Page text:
*  Exported from  MasterCook  *
 
                                  Paprika
 
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 paprika [pa-PREE-kuh; PAP-ree-kuh] Used as a seasoning and garnish for a pletho
 ra of savory dishes, paprika is a powder made by grinding aromatic sweet red pe
 pper pods. The pods are quite tough, so several grindings are necessary to prod
 uce the proper texture. The flavor of paprika can range from mild to pungent an
 d hot, the color from bright orange-red to deep blood-red. Most commercial papr
 ika comes from Spain, South America, California and Hungary, with the Hungarian
  variety considered by many to be superior. Indeed, Hungarian cuisine has long 
 used paprika as a mainstay flavoring rather than simply as a garnish. All super
 markets carry mild paprikas, while ethnic markets must be searched out for the 
 more pungent varieties. As with all herbs and spices, paprika should be stored 
 in a cool, dark place for no more than 6 months.
 
 from THE FOOD LOVER'S COMPANION, 2nd edition, by Sharon Tyler Herbst, Barron’s 
 Educational Services, Inc.
 
 •Paprika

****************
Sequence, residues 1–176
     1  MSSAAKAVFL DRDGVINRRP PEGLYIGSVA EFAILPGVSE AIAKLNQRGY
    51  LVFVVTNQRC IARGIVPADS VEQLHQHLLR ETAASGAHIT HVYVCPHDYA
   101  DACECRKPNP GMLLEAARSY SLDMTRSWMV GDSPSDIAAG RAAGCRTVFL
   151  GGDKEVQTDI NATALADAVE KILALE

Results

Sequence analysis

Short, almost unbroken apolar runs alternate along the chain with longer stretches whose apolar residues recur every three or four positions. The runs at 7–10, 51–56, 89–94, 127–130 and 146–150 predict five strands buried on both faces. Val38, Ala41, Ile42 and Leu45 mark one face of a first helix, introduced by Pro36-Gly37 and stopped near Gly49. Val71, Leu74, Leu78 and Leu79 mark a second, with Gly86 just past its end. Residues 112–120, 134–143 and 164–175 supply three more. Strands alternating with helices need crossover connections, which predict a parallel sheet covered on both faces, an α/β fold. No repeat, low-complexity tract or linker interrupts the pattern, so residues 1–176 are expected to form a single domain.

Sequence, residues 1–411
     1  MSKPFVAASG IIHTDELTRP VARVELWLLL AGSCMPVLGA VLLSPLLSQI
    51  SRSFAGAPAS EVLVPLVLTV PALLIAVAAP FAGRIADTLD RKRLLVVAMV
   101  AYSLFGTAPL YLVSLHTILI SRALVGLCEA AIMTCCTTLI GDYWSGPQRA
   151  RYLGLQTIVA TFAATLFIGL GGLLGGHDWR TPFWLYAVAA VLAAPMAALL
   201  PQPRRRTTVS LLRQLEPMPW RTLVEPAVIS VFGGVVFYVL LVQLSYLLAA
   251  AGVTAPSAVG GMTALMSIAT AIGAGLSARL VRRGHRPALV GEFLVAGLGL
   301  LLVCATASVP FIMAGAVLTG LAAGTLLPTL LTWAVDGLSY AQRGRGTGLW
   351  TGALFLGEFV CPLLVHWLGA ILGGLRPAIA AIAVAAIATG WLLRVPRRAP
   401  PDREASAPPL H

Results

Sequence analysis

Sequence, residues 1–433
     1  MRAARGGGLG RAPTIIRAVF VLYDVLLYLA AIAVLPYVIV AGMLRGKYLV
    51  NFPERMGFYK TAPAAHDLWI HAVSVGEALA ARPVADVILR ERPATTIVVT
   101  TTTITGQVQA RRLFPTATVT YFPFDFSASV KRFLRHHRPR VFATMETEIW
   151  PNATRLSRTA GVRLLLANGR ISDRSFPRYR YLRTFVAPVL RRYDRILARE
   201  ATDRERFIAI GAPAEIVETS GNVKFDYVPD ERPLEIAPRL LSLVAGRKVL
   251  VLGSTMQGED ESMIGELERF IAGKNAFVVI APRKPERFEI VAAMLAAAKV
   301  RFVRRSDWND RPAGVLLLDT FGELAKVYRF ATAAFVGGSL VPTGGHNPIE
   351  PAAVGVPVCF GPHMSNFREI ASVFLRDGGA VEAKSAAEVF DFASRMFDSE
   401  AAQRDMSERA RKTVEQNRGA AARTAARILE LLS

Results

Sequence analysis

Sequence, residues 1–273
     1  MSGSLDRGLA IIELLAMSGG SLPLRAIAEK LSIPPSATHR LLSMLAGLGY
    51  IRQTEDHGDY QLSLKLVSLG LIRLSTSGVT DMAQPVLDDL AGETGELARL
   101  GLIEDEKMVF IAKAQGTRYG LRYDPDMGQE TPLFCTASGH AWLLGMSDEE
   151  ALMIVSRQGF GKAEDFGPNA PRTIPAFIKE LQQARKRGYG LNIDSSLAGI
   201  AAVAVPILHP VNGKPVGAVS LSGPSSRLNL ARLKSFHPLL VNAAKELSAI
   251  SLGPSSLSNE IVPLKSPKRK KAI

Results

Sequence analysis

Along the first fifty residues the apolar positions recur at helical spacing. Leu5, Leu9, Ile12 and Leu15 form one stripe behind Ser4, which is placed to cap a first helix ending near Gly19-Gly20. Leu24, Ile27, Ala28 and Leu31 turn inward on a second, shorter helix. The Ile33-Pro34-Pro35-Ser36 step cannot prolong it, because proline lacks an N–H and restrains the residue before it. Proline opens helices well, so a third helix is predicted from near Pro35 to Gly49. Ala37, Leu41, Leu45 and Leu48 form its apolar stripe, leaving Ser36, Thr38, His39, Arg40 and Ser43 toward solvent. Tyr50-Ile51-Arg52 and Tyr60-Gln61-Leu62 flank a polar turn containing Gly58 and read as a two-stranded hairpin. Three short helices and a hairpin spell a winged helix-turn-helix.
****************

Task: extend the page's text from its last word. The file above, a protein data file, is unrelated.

Hungarians use an amazing amount of Paprika. If you are going to make Hungarian
  dishes you must buy imported Paprika. Do not use the paprika in the little jar
 s in the supermarket. It is not the same quality as imported. Paprika comes in 
 six categories: exquisite delicate, delicate, noble sweet, semi-sweet, rose, an
 d hot. I usually buy Szeged brand Paprika “Sweet Delicacy”. It is not spicy but
  has excellent flavor. If you want fiery hot, then look for paprika labeled “Er
 os” which means hot. Any Paprika labeled “Sweet” or “Edesmes” has a lack of spi
 ciness.
 
 Pimiento
 
 Pimiento grow on low spreading plants, and are similar to bell peppers. Pods ar
 e dark green, and ripen to bright red. I bought these from a local grower at th
 e farmer’s market. Thick, semi-tapering pods. Typical uses: Canned and used to 
 stuff olives. Used fresh like bell peppers. Can be pickled or dried and used fo
 r paprika.
 
 busted by Judy R. 
 
 
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